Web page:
Why Nothing May Come Of The Johnny Manziel Autograph Scandal

Texas A&M quarterback
Johnny Manziel is under NCAA investigationfor allegedly selling his autograph, according to an ESPN report.

If the NCAA proves the accusation is true, he could be declared ineligible.

But there’s still a long way to go before that happens, and considering the specifics of the allegations, the NCAA’s limited investigative powers, and the Manziel family’s financial ability to defend itself, the NCAA is facing an uphill battle.

Here’s the entirely of the evidence against Manziel right now:

  • Two sources told Darren Rovell of ESPN that Manziel got a “five figure” payment for signing a bunch of memorabilia for Florida broker Drew Tieman last January. Both sources specified that they did not see the alleged transaction take place.
  • One source told Joe Schad of ESPN that Manziel’s assistant told a broker in Alabama that Johnny Football would no longer sign autographs for free. That source specified that Manziel was not given money for his autograph.

There’s also a photo, uncovered by ESPN, of Manziel signing an autograph in a hotel room. It’s important to note that there is no NCAA rule against signing autographs, or even signing hundreds of autographs at a time at a shady memorabilia broker’s house, as long as you don’t take money for it.

If you wanted proof that Manziel has signed an autograph before, you could have just checked out the dozens of authenticated items on eBay.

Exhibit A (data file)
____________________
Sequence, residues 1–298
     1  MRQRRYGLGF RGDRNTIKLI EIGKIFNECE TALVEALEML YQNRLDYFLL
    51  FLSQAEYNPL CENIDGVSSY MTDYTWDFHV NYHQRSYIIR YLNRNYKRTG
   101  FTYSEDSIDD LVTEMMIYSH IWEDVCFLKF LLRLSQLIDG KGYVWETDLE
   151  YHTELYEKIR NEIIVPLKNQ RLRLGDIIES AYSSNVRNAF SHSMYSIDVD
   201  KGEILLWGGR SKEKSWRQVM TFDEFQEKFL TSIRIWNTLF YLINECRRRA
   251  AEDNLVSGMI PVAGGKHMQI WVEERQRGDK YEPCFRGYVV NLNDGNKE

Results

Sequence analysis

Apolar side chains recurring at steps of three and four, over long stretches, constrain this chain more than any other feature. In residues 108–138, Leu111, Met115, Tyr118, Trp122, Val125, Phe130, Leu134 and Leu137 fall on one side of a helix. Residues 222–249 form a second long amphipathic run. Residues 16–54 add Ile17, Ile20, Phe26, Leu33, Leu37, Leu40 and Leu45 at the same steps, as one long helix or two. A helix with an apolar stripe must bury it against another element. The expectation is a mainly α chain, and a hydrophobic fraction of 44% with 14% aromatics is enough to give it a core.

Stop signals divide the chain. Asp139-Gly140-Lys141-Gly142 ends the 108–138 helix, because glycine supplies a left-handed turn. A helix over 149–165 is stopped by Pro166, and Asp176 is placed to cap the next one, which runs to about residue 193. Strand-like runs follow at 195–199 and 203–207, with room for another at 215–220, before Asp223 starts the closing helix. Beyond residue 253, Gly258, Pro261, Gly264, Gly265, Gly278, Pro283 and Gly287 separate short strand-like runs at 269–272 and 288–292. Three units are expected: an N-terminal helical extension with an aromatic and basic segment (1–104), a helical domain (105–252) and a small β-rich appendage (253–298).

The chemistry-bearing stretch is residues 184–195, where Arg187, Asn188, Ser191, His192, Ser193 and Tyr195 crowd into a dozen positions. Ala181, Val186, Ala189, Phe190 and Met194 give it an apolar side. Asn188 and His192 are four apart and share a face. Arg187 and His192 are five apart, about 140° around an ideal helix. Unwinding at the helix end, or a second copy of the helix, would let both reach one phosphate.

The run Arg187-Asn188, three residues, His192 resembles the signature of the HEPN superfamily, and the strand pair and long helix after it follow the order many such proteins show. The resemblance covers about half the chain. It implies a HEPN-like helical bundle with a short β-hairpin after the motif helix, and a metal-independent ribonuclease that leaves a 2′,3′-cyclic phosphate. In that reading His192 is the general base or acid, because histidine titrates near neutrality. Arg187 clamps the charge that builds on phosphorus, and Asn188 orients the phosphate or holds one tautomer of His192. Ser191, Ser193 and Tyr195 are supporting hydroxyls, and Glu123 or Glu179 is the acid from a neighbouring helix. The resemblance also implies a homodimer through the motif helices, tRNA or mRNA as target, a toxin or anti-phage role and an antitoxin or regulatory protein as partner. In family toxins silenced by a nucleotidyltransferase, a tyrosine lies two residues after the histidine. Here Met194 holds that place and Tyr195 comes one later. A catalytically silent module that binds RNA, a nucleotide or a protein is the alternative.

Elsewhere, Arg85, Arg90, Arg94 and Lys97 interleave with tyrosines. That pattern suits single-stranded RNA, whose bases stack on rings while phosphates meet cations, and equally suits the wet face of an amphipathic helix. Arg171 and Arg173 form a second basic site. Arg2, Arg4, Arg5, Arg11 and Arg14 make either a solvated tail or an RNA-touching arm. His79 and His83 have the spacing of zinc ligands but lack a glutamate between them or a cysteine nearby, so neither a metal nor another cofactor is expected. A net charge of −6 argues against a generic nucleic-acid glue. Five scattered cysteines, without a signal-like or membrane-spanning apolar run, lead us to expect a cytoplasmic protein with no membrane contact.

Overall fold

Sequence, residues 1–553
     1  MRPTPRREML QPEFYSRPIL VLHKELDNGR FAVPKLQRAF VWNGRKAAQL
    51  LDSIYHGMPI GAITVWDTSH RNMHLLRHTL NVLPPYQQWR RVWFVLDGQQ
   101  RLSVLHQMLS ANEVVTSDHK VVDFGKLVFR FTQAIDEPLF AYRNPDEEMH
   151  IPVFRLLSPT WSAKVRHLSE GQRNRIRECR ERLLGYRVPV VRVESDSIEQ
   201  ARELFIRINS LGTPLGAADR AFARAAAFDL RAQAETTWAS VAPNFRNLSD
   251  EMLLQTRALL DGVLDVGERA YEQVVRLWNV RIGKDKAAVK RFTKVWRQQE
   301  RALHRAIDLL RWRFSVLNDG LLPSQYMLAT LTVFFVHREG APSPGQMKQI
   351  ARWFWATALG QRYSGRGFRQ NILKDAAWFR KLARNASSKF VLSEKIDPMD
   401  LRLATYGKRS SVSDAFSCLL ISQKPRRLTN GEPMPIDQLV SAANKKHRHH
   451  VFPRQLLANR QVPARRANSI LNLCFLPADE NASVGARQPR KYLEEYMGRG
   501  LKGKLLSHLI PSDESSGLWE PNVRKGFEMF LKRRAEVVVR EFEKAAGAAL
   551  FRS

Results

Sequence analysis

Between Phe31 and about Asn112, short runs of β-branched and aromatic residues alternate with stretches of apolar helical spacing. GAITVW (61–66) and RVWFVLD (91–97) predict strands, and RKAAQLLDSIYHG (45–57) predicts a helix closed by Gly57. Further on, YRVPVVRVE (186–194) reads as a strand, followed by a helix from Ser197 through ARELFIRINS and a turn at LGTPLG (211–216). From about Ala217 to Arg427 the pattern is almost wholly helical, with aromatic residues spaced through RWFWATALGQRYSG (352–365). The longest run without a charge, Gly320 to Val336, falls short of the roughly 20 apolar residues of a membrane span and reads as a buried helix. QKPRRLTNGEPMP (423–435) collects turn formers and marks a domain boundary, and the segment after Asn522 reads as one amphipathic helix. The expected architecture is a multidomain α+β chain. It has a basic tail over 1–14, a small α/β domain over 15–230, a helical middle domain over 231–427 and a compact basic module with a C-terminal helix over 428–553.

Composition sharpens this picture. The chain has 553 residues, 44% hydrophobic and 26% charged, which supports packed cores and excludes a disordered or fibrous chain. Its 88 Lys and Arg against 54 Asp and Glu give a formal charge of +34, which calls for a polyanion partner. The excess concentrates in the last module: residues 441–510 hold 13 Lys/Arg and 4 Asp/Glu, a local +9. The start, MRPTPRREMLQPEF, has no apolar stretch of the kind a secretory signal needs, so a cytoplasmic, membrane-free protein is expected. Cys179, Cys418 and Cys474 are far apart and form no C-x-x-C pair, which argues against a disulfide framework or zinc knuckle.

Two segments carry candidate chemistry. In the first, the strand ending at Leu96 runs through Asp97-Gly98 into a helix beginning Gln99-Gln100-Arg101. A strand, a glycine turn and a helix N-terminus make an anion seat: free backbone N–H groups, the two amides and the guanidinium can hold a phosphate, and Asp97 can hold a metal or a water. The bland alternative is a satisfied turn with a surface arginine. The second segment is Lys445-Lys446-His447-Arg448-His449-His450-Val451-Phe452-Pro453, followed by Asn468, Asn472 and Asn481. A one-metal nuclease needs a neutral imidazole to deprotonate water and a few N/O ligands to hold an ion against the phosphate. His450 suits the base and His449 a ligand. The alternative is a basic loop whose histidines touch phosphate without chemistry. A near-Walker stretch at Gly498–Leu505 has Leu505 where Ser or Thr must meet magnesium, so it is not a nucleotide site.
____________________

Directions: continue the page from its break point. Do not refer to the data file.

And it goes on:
So while this photo seems to imply ILLICIT ACTIVITIES, this is entirely meaningless:

In short, there are currently zero people who claim to have seen Johnny Manziel sell his autograph.

To prove that Manziel sold his autograph, the NCAA would have to find that alleged five-figure payment in Manziel’s bank records or, by some miracle, uncover video of him getting passed a stack of hundred dollar bills as he slides a signed mini helmet across the table.

The NCAA doesn’t have subpoena power. NCAA investigators aren’t officers of the law. While they can look into Manziel’s bank records, they can’t force people to testify or dig into the financial lives of people like “Uncle Nate” — Manziel’s 20-year-old friend and assistant who might play a key role in the scandal.

Under NCAA rules, family and friends aren’t required to cooperate with any investigation, only the student is question is.

Another issue for the NCAA (as Dan Wetzel points out in his column on the issue) is that the Manziel family is going to be totally lawyered up.

The school already hired the same law firm that defended Cam Newton when he was under investigation at Auburn, and the Manziel family is wealthy enough to pull out all the legal stops.

The NCAA is going up against a wealthy family who knows its rights, they have no witnesses to the alleged violation, and they can’t legally compel people to talk to them.

That’s a tall task.

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